LAGOS (Reuters) – A dozen children crowd around plastic tables in the Majidun neighbourhood of Lagos. Intently focused on plastic mats printed with chess boards, the children thoughtfully move pieces on the board as supervisors observe their moves.
The waterside shanty town is just across the lagoon from the mansions and towering office blocks of Nigeria’s commercial capital. They hope the cunning and strategy they learn on the chess board will help them make the leap out of their homes in the slum.
“To live here is hard,” said Michael Omoyele, who at 14 has already dealt with food scarcity and worked to feed himself. Inspired by “Queen of Katwe”, the 2016 film about a girl who escapes poverty in a Kenyan slum through chess, Omoyele hopes chess will help him, too.
“On the chess board you work hard in order to win, and from winning chess games I believe I can do better in becoming a champion and being wealthy also.”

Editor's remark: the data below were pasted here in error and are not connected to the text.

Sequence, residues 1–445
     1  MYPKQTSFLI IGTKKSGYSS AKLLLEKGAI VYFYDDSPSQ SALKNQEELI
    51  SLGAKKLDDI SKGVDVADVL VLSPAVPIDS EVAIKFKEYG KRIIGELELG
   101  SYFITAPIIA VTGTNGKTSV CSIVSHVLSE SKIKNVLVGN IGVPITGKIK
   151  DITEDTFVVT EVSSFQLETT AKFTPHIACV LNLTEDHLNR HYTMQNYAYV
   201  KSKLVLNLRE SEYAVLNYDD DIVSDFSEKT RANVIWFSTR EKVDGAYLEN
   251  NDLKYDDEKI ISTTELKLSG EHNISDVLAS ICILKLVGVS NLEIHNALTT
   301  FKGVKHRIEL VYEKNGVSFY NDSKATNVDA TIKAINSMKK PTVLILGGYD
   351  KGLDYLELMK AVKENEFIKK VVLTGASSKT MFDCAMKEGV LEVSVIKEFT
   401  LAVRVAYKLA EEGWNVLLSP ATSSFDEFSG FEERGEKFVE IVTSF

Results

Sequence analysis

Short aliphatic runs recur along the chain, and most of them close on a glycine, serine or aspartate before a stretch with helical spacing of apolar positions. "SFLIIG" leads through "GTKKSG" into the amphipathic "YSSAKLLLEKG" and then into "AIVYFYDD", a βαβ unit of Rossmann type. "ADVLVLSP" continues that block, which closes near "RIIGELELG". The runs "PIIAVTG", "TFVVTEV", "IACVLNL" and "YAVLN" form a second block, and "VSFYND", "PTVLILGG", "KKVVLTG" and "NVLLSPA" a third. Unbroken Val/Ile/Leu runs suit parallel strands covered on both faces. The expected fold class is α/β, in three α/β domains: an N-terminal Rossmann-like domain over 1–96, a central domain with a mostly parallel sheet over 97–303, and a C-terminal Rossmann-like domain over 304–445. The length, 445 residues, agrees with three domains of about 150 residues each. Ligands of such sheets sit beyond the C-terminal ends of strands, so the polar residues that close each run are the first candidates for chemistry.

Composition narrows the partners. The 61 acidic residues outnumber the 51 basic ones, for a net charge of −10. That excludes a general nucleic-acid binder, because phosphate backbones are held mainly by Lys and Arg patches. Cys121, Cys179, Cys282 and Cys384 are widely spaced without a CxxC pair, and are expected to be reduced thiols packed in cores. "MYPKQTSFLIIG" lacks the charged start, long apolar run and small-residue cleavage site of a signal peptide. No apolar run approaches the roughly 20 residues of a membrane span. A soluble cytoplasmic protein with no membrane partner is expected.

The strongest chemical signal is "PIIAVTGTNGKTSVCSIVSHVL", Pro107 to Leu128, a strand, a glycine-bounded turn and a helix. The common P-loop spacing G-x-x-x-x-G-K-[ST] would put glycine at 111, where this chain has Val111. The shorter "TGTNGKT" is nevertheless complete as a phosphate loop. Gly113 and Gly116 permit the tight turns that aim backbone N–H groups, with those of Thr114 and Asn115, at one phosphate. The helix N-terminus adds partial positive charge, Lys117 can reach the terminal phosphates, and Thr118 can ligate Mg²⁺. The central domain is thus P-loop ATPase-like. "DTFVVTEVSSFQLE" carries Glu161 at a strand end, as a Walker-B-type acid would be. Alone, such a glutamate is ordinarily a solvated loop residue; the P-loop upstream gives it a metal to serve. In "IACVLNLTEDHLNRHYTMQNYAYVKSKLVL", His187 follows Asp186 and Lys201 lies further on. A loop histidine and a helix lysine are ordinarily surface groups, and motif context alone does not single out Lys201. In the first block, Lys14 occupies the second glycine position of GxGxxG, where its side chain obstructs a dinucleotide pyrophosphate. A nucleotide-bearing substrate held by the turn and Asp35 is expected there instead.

Omoyele practises at home, in a room with watermarked concrete walls and peeling blue paint and the din of crying children in the background.
Babatunde Onakoya, 26, founded Chess in Slums Africa in 2018. Chess aided his rise from his own deprived childhood in Lagos. Onakoya said he was driven by a conviction that Nigerian education is in crisis, with many children either out of school or not learning what he sees as useful survival skills.
He now spends his free time plying crowded alleyways, tinged with the smell of burning trash and generator fuel, in the hope that teaching kids chess can build a better future for all of Nigeria.
“This is why we are teaching them chess, as a way to raise a new generation of intellectuals, people … who will be curious enough to question everything, who will be curious enough to innovate,” he said.
(Writing by Libby George, editing by Estelle Shirbon)